mobile game pr 

Luis is a co-founder of Novy PR, a California-based pr firm focusing on mobile and indie games makers.

Follow Luis: Google+ | Twitter.

Jovan Johnson, app attorney: When should a developer begin working with a PR firm?

Luis Levy: For a traditional console or PC title, as soon as the game hits alpha. Assuming the studio is still in “stealth mode,” that’s when the first announcement usually takes place. For mobile games, we suggest at least three months prior to launch, one month for prep and two months for the pre-launch campaign.

Jovan: Do different types of games require different PR strategies?

Luis: Yes – in a way. The basics are the same, but bigger games might require a more substantial pre-launch campaign. A big budget and/or recognizable IP might make it worthwhile for the developer to announce the game early, while smaller games can often gain from a shorter campaign (and save some money in the process). It’s also possible for a bigger game (and a well-funded studio) to spend more money on PR, leading to trade show appearances – like PAX Prime – and social media campaigns.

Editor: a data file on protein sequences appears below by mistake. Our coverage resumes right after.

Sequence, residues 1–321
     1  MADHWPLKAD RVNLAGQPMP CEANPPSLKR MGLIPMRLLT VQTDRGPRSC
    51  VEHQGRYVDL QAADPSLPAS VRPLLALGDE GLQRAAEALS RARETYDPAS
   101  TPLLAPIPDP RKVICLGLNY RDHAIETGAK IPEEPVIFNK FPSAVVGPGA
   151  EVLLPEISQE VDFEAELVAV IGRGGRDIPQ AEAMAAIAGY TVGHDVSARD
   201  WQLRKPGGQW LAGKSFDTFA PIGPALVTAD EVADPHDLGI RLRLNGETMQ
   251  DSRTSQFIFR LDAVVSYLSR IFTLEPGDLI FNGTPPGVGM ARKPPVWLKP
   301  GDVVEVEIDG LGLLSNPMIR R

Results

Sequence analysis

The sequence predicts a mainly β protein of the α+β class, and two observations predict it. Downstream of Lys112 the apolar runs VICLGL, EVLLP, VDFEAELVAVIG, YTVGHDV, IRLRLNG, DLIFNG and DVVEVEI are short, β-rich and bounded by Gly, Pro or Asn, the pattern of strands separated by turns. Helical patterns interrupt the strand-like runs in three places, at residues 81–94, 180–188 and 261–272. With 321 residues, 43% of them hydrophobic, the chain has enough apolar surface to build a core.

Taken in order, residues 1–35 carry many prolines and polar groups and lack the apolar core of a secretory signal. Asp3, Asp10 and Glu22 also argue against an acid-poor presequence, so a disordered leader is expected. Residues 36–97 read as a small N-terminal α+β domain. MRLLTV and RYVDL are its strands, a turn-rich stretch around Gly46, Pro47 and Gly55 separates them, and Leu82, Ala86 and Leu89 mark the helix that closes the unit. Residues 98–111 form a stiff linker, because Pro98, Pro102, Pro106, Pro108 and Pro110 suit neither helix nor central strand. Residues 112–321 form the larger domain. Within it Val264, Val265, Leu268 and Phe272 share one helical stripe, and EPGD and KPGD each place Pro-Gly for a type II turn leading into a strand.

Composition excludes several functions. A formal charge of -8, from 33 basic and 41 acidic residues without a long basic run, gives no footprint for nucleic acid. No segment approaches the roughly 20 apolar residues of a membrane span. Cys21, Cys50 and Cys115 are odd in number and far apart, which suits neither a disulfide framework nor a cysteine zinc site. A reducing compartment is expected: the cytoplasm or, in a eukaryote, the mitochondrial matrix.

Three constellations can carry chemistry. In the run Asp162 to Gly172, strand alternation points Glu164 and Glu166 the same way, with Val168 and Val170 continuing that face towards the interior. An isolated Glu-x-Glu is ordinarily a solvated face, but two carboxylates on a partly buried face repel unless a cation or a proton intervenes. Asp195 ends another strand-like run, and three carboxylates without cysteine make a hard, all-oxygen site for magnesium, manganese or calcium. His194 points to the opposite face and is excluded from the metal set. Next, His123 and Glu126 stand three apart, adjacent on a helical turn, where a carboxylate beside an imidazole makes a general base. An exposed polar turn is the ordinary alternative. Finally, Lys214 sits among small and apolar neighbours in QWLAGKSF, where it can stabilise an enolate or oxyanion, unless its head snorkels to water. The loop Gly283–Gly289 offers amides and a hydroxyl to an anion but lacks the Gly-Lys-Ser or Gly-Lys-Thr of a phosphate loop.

Jovan: Is PR necessary for a successful game launch?

Luis: I wouldn’t say you cannot be successful without PR. That’s not true. There are many examples of games that made it solely based on word of mouth or support from specific communities like Reddit or NeoGAF. On the other hand, as a rule of thumb PR is very, very important to your game’s success.

Developers should worry about making the best game possible. They should not have to worry about drafting press releases and sending early builds to the press; it takes them away from the game. A PR professional will handle ALL press contact, from day-to-day management to interviews and PR materials like press releases, pitches and assets. We are paid so that our clients can focus on finishing their projects on time and, hopefully, on budget. 🙂

An effective PR program will always give developers their best shot at a hit. Without PR, a game can land with a thud; you’d be leaving your game’s performance in the marketplace to chance. In the end, success will depend on the game’s qualities/potential/relevance.

– read part two of our interview with indie game pr pro Luis Levy.

– visit Novy PR.

– back to the Mobile Dev Project.

– more on App Law.